RESPIRATORY MEDICINE, cilt.105, ss.1712-1717, 2011 (SCI İndekslerine Giren Dergi)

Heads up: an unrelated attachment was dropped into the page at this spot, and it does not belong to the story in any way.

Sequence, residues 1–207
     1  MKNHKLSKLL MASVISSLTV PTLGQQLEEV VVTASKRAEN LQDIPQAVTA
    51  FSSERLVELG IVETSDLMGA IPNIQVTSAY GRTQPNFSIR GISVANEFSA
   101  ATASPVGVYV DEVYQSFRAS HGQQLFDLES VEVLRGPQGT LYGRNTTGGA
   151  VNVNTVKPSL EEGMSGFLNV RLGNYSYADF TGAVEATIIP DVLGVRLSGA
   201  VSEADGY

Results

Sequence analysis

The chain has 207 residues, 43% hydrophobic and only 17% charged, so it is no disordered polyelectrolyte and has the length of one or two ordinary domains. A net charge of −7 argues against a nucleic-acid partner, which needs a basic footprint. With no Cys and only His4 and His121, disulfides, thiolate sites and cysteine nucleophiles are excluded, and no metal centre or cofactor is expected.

The differential diagnosis of pleural effusion often requires invasive procedures. Up to 25 percent of pleural effusions can remain undiagnosed with an unclear pathogenesis. Therefore new biological markers may increase diagnostic yield and provide better understanding of pathogenesis of pleural effusion. We hypothesized that new ischemia biomarker, "ischemia modified albumin (IMA)" would help in both the differentiation of the underlying etiologies and provide a better understanding of pathogenesis of pleural effusions. This study was done between December 2009 and September 2010 in the Department of Pulmonary Diseases of Gaziantep University Hospital. One hundred and sixteen subjects with pleural effusion were included. Pleural and blood IMA levels were measured by ELISA. The underlying etiologies of pleural effusions were as follows: transudates (n = 50), malignancy (n = 32), tuberculosis (n = 12), pulmonary thromboembolism (n = 6), pneumonia (n = 16). The median pleural IMA levels were significantly different between the groups (p < 0.000). There were no such differences in the blood levels of IMA. The most striking difference in the median pleural IMA levels was between transudates and exudates (7986 (25-75%, 5145-56.505) ng/mL; 3376 (25-75%, 1935-4660) ng/mL; respectively, p = 0.000). The area under the ROC curve was 0.837 +/- 0.038 for the cut-off level higher than 4711 ng l/mL for the differentiation of transudates from exudates (sensitivity, 82%; specificity, 78%; 95% CI, 0.76 to 0.91; p = 0.0000). In conclusion, the pleural IMA levels are higher in transudates compared to exudates. No such differences were observed in blood levels of IMA suggesting that there are reasons other than ischemia that cause an increase in pleural fluid IMA levels. (C) 2011 Elsevier Ltd. All rights reserved.